The designers obviously put a lot of thought into this pack: weatherized zippers, intelligent tool loops that you can remove tools from without taking the pack off, wand and bottle pockets, hydration compatibility, top pocket that converts to shoulder bag, very cool velcro keepers on all straps, and the usual bomber MH construction. All of this works and works well.
Where MH might have been too clever by half is in the design of the Exodus Cruiser suspension, part internal and part external frame, designed for long treks with big loads. The issues begin with assembly: the pack needs to be carefully fitted out of the box, and the somewhat lengthy and tricky process will frustrate those who are not prepared for it. A second issue is that the shoulder straps and waist belt do not collapse flat but form a semirigid exoskeleton, making storage and traveling more difficult than with a traditional design. A third issue is the highly engineered – some would say overengineered – design itself, with multiple points of potential mechanical failure.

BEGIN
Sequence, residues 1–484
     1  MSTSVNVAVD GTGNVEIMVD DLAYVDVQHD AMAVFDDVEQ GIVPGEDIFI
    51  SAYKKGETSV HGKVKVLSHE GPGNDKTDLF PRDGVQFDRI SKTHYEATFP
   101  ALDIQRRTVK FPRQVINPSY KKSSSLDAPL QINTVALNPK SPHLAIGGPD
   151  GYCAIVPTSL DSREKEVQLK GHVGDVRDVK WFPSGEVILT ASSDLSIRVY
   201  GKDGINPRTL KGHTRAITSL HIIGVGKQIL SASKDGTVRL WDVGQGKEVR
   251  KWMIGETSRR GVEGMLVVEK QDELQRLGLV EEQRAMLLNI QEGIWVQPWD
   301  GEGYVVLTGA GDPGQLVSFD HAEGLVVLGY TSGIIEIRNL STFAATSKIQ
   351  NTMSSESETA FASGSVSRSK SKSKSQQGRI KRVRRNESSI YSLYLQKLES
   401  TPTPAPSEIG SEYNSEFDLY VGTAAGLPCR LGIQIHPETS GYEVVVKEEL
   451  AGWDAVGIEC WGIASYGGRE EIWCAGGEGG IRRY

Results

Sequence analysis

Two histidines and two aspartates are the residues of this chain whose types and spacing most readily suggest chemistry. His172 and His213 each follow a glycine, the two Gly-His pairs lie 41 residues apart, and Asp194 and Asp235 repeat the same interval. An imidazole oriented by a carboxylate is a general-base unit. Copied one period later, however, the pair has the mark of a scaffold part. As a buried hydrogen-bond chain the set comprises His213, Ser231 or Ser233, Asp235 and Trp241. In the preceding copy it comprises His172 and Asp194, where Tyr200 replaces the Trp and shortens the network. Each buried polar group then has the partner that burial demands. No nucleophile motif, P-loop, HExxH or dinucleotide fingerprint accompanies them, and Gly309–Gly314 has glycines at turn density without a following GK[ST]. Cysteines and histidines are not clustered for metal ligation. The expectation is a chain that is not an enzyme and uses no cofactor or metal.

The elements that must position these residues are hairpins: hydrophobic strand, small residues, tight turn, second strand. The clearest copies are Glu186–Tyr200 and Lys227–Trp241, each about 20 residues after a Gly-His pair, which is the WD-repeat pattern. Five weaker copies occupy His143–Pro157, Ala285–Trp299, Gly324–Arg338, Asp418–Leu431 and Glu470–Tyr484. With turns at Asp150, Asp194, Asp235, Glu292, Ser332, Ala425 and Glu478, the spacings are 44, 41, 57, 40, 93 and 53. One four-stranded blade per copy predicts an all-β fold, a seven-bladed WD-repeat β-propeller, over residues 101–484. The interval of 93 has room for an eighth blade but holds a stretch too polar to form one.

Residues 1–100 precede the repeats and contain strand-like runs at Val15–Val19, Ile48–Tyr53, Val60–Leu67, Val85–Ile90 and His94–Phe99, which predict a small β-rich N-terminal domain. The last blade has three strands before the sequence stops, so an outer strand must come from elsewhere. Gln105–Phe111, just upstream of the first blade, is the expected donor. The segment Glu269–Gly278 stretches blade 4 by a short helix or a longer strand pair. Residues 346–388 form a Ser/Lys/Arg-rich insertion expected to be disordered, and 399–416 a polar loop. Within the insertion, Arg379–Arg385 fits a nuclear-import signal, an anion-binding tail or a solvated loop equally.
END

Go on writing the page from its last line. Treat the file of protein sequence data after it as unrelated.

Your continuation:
These issues are by no means insurmountable: if you buy the pack from a retailer they should be trained on fitting it for you. Once you understand the process you can get quite good at it, breaking it down and re-fitting it in under ten minutes yourself. The pack hasn’t been out long enough to make any statements about reliability.
The bottom line is that you should definitely try before you buy. Some people will love the hybrid suspension and the fact that it carries big loads so well with its pivoting waist belt and unique harness construction. If you’re spending a lot of hours with big loads on easy to moderate terrain and don’t mind complexity in your pack, the Solitude may be just the ticket. On the other hand, if you place a high value on ease of use, are concerned about long-term reliability and/or are looking for a design that stores and travels with minimal fuss, you may want to take a pass.